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Ministry of Health supports action on measles

Fuseworks Media
Fuseworks Media

As measles continues to circulate in New Zealand, the Ministry of Health says it's vital to continue working on prevention and control measures.

New Zealand was verified by the World Health Organization as having eliminated endemic measles and rubella in October 2017. The 350 cases of measles reported so far in 2019 have stemmed from travellers bringing the disease from overseas.

At a meeting last month, the National Verification Committee for Measles and Rubella Elimination (NVC) warned that New Zealand's elimination status was at risk, as a result of multiple measles importations, and low rates of domestic immunity in some groups. It also considers that the current situation in New Zealand could become a threat for other countries in the Pacific region.

The NVC provides expert advice on the prevention and control of measles and rubella, including verification of their elimination.

The Ministry's Director of Public Health, Dr Caroline McElnay welcomes the NVC's recommendations.

"I want to acknowledge the Committee's advice. We'll be using this to further develop the strategies we need to address the current rise in measles cases and immunity gaps within our community," says Dr McElnay

"The most important thing people can do right now is to make sure they and their whânau are protected. If you’re not immune, or not sure, you should contact your family doctor or nurse to make an appointment to get vaccinated. Immunisation is the best protection against measles, and it's free.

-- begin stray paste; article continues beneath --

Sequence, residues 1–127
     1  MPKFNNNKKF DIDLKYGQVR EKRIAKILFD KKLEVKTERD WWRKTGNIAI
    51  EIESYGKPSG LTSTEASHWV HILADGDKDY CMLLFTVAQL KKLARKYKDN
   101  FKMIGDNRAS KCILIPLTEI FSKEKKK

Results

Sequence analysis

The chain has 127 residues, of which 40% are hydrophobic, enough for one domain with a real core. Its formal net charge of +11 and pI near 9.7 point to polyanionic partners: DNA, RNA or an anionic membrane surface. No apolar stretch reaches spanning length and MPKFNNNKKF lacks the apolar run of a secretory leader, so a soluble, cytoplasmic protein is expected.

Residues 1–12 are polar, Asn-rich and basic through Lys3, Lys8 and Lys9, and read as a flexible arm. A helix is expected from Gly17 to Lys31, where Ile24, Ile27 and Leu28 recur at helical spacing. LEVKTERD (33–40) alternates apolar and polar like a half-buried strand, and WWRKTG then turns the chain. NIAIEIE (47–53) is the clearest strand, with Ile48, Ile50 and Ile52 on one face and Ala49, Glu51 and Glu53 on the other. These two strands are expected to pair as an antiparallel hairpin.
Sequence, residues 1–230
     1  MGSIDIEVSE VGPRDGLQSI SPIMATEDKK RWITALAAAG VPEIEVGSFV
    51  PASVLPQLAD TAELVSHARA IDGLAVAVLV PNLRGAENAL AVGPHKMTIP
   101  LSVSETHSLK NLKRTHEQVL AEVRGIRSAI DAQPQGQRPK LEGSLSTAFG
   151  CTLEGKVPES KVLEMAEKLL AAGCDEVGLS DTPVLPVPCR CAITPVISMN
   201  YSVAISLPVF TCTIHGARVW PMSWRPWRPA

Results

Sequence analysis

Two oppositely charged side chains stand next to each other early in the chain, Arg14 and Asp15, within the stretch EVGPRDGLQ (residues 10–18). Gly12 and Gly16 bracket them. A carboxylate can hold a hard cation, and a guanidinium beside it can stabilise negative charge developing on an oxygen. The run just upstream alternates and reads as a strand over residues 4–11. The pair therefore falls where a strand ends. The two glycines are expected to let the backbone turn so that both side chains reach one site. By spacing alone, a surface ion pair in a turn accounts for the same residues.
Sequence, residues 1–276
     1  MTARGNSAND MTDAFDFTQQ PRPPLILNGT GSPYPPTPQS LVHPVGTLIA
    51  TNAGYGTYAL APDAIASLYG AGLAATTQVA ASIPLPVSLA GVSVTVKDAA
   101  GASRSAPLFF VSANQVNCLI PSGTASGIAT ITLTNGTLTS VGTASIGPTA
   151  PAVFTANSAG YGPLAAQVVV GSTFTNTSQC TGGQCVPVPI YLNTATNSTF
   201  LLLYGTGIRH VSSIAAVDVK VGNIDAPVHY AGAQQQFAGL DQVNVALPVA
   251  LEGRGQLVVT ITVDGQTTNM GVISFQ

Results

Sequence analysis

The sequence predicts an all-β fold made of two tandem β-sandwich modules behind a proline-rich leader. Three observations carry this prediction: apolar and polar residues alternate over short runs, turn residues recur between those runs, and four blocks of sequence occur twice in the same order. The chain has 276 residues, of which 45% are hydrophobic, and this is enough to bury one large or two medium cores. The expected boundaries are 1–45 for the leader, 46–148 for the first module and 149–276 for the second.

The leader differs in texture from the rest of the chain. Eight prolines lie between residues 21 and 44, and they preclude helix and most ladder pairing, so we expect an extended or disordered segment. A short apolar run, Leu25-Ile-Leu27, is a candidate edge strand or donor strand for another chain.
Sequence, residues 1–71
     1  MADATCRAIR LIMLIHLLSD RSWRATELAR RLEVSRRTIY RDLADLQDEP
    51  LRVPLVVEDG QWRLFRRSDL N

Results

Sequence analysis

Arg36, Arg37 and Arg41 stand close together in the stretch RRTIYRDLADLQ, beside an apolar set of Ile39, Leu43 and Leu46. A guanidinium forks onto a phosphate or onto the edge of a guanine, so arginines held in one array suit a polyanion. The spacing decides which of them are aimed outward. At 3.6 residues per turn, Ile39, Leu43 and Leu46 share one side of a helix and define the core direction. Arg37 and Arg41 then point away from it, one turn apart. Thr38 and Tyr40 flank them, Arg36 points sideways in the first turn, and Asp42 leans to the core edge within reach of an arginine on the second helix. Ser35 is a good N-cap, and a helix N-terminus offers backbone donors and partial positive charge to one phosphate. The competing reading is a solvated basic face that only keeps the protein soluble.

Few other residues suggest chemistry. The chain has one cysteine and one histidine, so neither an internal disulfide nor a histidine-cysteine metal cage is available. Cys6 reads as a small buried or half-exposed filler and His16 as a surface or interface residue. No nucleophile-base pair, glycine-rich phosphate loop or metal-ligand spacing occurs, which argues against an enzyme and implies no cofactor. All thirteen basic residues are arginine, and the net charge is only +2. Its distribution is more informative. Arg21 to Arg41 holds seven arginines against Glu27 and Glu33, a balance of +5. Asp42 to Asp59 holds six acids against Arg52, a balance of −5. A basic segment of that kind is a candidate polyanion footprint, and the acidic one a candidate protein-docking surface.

"The Ministry’s immediate priority is to ensure that our national immunisation schedule remains on track. This will prevent immunity gaps developing in the future.

"We know that people aged between 12 and 32 years have lower rates of immunisations than young children so are less likely to be protected against these diseases. The MMR vaccine is free for anyone under 50 who has not had two documented doses and is available nationwide from your General Practice.

"Because measles is so contagious, imported cases spread particularly quickly among unimmunised people. If you’re travelling overseas you should make sure you’re fully immunised against measles before you go," Dr McElnay says.

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